With life, there’s bound to be a multitude of stresses. Thankfully, there’s a new club at the Winona Public Library that residents can pencil into their schedule.
Starting this past Tuesday and continuing every month at the library’s Liberty Bell art room, there’s a coloring club to bring out an inner child.
“I had the idea for the coloring club, it’s kind of the fad in libraries right now,” said Samantha TerBeest, who founded the club. “It’s super popular to do them.”
Supplies and art are provided by TerBeest, and there are dozens of coloring options. Anybody is free to walk in and join − there’s no signup needed.
As an adult services librarian, TerBeest received suggestions for the club and decided to test the trend on the locals.
“The response has been surprisingly overwhelming,” TerBeest said. “I put it out as a Facebook event and I shared it through the library’s webpage as well as the parks and recs page. Within two hours I got 20 people interested in it.”
The club is designed to be a way for Winona County adults to meet people and relax. Winona State University psychology professor Liz Russell says activities like the coloring club can also relieve stress and anxiety.
“The attention to adult coloring books and things like that is actually really great, because it means that people are doing something to worry about theirmental health,” Russell said.
“Art therapy can be helpful,” she said. ”A big part of how coloring books are effective is the mindfulness − things to get you out of the cyclical thinking pattern,” It’s really hard to [color] when you’re not in the given moment.”
Trisha Karr, another psychology professor at Winona State, says that in addition to getting out of the cyclical pattern, certain parts of the brain are quieted and as a result de-stresses the brain.
“In coloring, what’s taking place is if somebody is stressed out, we can connect that to the amygdala,” Karr said. “The thought is that we can reduce the activation the amgydala. In that case, the emotion center is quieted.”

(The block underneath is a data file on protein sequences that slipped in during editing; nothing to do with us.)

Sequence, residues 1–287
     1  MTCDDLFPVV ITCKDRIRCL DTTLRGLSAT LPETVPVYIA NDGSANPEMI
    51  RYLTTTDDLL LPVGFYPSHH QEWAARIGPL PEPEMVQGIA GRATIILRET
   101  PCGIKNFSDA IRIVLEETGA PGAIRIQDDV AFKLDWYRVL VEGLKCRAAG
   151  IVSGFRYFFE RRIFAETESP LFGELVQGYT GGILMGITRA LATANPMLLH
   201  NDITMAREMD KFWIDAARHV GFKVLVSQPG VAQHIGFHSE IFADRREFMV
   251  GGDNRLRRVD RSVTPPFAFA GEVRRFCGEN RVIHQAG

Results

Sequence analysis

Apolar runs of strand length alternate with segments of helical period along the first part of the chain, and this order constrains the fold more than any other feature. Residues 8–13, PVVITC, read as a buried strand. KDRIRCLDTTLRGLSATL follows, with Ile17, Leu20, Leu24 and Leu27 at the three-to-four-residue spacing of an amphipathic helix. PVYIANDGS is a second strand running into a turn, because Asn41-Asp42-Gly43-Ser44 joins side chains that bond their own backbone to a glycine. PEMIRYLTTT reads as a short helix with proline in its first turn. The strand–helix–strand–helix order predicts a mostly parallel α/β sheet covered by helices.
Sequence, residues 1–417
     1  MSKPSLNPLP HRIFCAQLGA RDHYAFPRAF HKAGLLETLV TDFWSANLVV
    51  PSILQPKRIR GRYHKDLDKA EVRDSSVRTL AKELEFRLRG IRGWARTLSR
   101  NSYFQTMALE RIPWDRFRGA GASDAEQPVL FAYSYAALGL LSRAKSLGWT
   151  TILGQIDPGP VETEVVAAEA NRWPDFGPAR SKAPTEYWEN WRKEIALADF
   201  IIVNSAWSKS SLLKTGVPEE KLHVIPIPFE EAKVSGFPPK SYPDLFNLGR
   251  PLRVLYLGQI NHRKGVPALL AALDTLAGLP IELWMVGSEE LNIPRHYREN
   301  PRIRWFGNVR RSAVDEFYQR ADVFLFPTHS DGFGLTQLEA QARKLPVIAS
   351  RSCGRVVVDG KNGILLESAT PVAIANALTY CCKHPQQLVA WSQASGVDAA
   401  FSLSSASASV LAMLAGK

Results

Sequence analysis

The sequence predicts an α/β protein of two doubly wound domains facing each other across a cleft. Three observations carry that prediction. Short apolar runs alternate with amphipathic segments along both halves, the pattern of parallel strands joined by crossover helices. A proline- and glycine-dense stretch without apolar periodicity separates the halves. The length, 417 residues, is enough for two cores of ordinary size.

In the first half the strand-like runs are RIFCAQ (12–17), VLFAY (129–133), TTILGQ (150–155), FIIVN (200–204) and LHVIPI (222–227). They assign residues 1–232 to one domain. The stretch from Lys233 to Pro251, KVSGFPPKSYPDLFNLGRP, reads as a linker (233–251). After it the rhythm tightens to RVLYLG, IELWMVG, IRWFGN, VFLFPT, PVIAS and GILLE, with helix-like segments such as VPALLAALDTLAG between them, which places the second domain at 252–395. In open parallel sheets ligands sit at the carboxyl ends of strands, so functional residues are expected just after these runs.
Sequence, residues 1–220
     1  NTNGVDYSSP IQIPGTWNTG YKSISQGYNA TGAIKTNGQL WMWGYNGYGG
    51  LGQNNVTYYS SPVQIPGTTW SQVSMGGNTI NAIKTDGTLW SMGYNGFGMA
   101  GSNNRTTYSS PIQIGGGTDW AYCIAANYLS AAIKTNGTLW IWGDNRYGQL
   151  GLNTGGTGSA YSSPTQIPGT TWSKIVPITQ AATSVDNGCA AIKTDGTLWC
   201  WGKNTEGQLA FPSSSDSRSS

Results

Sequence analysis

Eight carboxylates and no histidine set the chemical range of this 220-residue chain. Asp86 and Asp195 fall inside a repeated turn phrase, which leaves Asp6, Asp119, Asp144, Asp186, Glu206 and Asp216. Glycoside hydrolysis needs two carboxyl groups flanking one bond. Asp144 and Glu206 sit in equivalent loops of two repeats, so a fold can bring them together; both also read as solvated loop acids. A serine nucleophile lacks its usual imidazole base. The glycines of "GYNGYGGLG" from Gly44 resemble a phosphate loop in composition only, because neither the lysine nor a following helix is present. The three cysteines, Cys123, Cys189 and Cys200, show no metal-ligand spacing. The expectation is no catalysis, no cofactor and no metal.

Karr said that as a culture, people are becoming more used to multitasking, which invokes more stress.
“Coloring is thought to be a task that gets us to focus on one stimulus,” Karr said. “In that case, it has a calming influence on the brain. What we want to do is color to quiet those thoughts and in turn, shut down the [stress] process that’s occurring in the brain and nervous system.”
For the adult population that is targeted for the library’s audience, Samantha TerBeest said the coloring club could especially calm, relax and de-stress those who come in.
“It also kind of helps the elderly population that may be experiencing symptoms in Alzheimer’s and dementia, ‘cause it helps them bring back memories of their childhood,” TerBeest said.
Once people find their relaxing niche, they can become less stressed and more comfortable.
“Finding the strategy that works best and using that is really important,” Professor Russell said. “Ongoing mindfulness tends to have ongoing effects. The more you relax and the more you practice that, the easier it is to bring that relaxation back.”
As the coloring trend continues to grow, TerBeest said she will continue welcoming Winona County residents to see if coloring is indeed their niche. She said the coloring club program is here to stay.
“It is going to be a monthly thing,” TerBeest said. “I like to do a monthly testing period of about six months to get a feel if this is a program that I should have for a while or not.”
The next color club meeting will be on May 9th, and is open to the public.
A visual look at the first color club meeting back in February.